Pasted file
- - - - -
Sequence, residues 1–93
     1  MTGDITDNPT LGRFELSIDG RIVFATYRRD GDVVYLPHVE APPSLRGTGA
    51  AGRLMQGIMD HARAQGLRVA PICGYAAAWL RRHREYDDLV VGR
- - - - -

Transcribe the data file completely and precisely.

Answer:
Sequence, residues 1–93
     1  MTGDITDNPT LGRFELSIDG RIVFATYRRD GDVVYLPHVE APPSLRGTGA
    51  AGRLMQGIMD HARAQGLRVA PICGYAAAWL RRHREYDDLV VGR